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Jaime Lannister murdered Aerys II Targaryen during the Sack of King's Landing, earning the derogatory nickname of "Kingslayer".

"Is that what you tell yourself at night? That you're a servant of justice? That you were avenging my father when you shoved your sword in Aerys Targaryen's back?"
―Eddard Stark to Jaime Lannister[src]

Regicide, also known as kingslaying, is the deliberate act of murdering a monarch and is considered the most severe crime in the Seven Kingdoms. Whoever commits it is dubbed a kingslayer.

Somewhat like kinslaying, incest, or violating guest right, anyone who kills a king is believed to be cursed. Because the King of the Andals and the First Men is blessed by the High Septon of the Faith of the Seven at his coronation, it is considered a heinous crime in that religion to kill the king who sits the Iron Throne.

Known and alleged kingslayers

"Perhaps you should speak to me more softly then. Monsters are dangerous - and just now, kings are dying like flies."
Tyrion Lannister to King Joffrey Baratheon after the Red Wedding[src]
Roose kills Robb S3 Ep9

Roose Bolton murders Robb Stark during the Red Wedding.

  • Ser Jaime Lannister, perhaps the most notable example of a kingslayer, who killed Aerys II Targaryen during the Sack of King's Landing. Jaime's actions were considered especially heinous, as he was in fact a member of Aerys' own Kingsguard, and took a holy vow to lay down his life in defence of his king[1] Jaime killed Aerys in order to foil his scheme to destroy King's Landing, but since he never revealed it to anyone (except recently to Brienne) - everyone assumed he killed Aerys so the Lannisters would seize the throne. It is unknown whether Jaime would still bear the stigma of kingslayer if he revealed his real motive.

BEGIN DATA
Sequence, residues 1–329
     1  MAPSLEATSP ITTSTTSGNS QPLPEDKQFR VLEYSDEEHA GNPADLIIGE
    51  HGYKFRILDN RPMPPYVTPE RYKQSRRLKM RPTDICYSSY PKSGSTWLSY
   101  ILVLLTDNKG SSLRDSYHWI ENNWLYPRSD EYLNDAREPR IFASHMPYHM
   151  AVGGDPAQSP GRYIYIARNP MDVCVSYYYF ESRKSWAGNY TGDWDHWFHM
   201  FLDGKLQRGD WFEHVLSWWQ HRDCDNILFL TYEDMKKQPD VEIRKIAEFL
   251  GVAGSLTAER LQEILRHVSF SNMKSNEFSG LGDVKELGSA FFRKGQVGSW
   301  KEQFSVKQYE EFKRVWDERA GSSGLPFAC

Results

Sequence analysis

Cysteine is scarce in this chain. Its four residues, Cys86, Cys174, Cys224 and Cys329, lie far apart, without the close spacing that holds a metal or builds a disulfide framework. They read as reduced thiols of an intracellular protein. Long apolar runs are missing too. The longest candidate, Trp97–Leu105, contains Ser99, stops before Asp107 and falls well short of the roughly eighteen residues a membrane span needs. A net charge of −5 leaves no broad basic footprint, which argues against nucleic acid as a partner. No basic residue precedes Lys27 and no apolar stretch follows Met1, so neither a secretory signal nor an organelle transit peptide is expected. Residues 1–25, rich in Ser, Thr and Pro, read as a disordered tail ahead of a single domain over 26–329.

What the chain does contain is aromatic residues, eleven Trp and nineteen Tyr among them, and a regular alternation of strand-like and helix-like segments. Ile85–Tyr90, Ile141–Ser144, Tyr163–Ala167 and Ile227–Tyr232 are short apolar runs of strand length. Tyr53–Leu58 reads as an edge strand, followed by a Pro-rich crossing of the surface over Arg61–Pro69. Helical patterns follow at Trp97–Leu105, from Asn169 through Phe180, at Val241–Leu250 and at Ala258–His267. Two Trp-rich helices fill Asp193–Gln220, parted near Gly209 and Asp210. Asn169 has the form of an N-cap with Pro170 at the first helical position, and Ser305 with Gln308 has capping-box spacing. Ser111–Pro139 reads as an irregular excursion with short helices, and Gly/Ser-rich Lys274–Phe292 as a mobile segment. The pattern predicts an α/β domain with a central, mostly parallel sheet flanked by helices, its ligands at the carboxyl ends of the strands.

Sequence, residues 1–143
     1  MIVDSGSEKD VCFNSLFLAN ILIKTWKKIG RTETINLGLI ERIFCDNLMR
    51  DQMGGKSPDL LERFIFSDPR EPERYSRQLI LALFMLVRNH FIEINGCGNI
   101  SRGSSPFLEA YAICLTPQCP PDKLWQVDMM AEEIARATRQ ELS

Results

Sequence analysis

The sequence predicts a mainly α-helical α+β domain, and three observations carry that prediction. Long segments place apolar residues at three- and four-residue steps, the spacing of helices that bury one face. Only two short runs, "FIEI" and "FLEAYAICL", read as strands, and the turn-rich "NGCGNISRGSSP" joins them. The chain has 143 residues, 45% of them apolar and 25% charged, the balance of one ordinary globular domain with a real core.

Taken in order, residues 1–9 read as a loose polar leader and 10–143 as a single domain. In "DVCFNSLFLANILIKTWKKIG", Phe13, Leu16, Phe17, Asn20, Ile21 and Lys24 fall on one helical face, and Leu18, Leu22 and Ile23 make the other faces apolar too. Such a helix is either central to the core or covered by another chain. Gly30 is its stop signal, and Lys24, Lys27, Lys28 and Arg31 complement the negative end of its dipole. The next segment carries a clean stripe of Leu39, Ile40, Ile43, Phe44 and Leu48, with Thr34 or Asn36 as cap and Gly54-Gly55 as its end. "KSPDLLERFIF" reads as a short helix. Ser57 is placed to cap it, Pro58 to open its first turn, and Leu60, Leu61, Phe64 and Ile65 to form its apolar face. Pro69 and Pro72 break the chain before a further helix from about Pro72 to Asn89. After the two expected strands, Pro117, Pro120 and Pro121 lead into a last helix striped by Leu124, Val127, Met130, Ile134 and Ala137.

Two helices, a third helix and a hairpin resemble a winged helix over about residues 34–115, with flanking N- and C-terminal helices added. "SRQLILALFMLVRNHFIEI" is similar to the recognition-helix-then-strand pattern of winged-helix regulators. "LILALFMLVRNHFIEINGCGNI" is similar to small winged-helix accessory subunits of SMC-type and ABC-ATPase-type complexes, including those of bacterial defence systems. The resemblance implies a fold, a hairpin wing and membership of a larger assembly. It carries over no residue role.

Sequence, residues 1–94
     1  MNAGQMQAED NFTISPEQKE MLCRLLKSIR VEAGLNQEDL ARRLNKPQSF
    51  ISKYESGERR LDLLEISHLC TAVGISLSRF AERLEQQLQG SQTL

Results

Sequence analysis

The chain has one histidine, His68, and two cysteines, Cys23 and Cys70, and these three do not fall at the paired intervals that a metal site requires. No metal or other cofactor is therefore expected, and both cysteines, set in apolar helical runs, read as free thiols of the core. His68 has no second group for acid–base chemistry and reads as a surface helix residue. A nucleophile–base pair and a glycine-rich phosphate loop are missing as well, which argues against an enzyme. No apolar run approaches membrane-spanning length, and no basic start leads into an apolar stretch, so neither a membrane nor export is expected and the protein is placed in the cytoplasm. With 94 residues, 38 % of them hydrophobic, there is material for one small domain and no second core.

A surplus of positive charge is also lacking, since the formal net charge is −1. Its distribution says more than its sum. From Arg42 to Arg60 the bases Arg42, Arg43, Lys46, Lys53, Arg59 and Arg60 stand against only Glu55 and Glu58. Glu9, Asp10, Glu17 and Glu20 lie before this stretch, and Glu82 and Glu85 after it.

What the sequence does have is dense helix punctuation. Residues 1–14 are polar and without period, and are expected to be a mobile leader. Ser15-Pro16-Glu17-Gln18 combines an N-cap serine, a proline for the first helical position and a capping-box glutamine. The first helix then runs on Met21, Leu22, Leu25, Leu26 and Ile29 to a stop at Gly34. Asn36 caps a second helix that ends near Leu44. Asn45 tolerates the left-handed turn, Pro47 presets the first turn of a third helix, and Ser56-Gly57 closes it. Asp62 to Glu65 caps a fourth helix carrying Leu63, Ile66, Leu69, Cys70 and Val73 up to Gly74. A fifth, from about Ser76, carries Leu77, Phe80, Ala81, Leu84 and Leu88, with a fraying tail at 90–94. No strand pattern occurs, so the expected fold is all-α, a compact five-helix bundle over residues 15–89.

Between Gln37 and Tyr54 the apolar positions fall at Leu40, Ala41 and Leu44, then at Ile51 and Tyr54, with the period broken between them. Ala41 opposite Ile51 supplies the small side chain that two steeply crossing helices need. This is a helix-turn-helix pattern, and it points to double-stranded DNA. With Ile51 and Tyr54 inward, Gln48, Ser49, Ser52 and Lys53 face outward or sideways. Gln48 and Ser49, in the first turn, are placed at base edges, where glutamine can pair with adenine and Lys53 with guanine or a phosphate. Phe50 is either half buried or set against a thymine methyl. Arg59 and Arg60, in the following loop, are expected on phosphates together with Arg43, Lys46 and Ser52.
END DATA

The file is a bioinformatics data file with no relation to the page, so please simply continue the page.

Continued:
• Khal Drogo murdered Viserys Targaryen by pouring molten gold onto his head. Despite technically being the rightful king of Westeros, Viserys himself was an exile at the time, and never actually sat upon the Iron Throne.[2]
  • Queen Cersei Lannister, along with her cousin Lancel, conspired to bring about the death of her husband King Robert Baratheon. On Cersei's instruction Lancel replaced the wine in the king's flask with a stronger, fortified vintage, causing Robert to quickly descend into an intoxicated state, dulling his reflexes, and ultimately leading him to suffer a fatal wound upon a boar's tusk.[3]
  • King Stannis Baratheon, who conceives a shadow assassin with Melisandre to kill his brother Renly. This may not be considered a true example of kingslaying, as Renly himself was a usurper, and was in open rebellion against his elder brother, the rightful king. Moreover, Renly never officially sat upon the Iron Throne.[4]
  • Lord Roose Bolton betrayed and personally murdered his own King, Robb Stark, during the massacre known as the "Red Wedding".[5]

In the books

In the A Song of Ice and Fire novels, the taboo against kingslaying is much the same.

See also


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